There’s nothing like brisk temperatures, spiced aroma, and colorful foliage to get you in the fall spirit. Your pet, too, is probably anxiously awaiting a temperature break from the heat of the summer. While fall is full of wonderful changes, the season produces potential threats to our furry friends that we should be aware of.
Colder temps and walks in the dark
The completion of Daylight Savings has people running around to finish their to-do list before the sun sets. Following routine, dog owners who walk their pet in the early morning or night are now walking dangerously in the dark and are less visible to passing cars. If you do walk your furry friend during these hours, limit the amount of distance between you and your dog by using a shorter leash, and choose bright reflective clothing, collars, and leashes that will be visible to oncoming cars. Also, keep in mind the cooler temperatures that fall brings. Pet parents with older dogs who develop arthritis should consider keeping them inside during the coldest parts of the day.
One of the most common threats to pets during the fall transition is antifreeze. Commonly used to lower the freeze-point in cars, attracts dogs by the sweet smell and taste. The tiniest dosage ingested can be fatal depending on the size of the dog. Signs of poisoning are a drunken state, unable to walk correctly, excessive thirst, and lethargy. To avoid danger, keep your dog inside when using antifreeze, if they do come in contact and you notice poisoning signs, call your veterinarian immediately.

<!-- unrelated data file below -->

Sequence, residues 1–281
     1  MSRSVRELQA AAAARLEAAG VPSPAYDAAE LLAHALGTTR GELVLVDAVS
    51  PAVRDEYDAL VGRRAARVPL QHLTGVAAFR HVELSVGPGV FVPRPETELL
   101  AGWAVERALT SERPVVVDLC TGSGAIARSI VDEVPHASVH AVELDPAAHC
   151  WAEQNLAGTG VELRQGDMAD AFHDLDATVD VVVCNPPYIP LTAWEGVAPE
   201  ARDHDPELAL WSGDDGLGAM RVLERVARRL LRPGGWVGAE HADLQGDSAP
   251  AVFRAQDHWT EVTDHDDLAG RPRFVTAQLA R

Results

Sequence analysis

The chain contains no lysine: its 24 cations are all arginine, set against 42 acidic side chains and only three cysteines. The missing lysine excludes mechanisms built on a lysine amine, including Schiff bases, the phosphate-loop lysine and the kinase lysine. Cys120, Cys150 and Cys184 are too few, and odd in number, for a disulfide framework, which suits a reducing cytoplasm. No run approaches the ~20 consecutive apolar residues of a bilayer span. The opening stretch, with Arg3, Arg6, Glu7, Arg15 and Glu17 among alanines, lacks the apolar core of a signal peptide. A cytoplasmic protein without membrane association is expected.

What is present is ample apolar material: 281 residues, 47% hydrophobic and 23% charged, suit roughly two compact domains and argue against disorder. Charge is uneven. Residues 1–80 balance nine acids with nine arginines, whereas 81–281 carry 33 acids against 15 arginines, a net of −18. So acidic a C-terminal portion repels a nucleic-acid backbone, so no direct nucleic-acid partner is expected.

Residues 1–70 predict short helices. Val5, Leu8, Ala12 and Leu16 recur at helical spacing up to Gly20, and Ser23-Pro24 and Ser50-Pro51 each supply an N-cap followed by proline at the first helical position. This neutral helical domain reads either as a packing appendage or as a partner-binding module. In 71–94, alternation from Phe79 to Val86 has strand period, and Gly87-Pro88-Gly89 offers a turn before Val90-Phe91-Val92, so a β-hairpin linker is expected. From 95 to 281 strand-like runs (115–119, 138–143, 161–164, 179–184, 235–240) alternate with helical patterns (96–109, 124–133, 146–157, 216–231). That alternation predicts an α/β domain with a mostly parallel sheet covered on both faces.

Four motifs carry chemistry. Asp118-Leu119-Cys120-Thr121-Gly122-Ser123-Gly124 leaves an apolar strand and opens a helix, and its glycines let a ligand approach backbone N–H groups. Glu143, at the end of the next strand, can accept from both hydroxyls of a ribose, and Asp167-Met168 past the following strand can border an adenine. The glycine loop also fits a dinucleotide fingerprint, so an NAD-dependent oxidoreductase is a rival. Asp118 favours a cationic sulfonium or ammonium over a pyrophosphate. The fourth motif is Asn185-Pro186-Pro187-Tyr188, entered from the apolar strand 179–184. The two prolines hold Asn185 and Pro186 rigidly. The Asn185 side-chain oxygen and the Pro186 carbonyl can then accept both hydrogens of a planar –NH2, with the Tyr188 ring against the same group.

Leaves, mold, and allergies
In the fall months, adults take on the laborious job of raking and picking up an endless amount of leaves. As the pile continues to get larger, nothing says fall like kids jumping into a mountain of leaves. However, leaves that are left for a long period of time start to accumulate moisture, promoting mold and bacteria growth. If your pet ingests particles from the pile, they can acquire an illness with symptoms of vomiting, diarrhea, and loss of appetite. Once the leaves and grass dry up the yardwork commences, as allergens are released and begin to make life miserable even for our pets. Be proactive by keeping your dog away from leave piles and yard work or ask your veterinarian for dog-friendly allergy pills.
Autumn is the season when snakes prepare for hibernation and rodents appear for food. Which leaves your pet at stake to get bitten by an annoyed snake or catch a disease from a rodent. Take precautions by becoming familiar with the types of poisonous snakes in your area and set non-harmful traps to capture and remove pests.
Football parties and human food
Of course, we can’t forget that fall is also about… football season! Let the hosting begin with endless amounts of hamburgers, nachos, and wings. Unfortunately, football parties pose a large threat to our dogs. The overabundance of people in the house who are unfamiliar with what your dog can and cannot eat will put your dog in danger of ingesting harmful foods. To be proactive make it known to guests, especially kids, not to feed your dog any human food. Also, if your pet becomes anxious around large amounts of people, keep them crated in a quiet room where they will feel safe.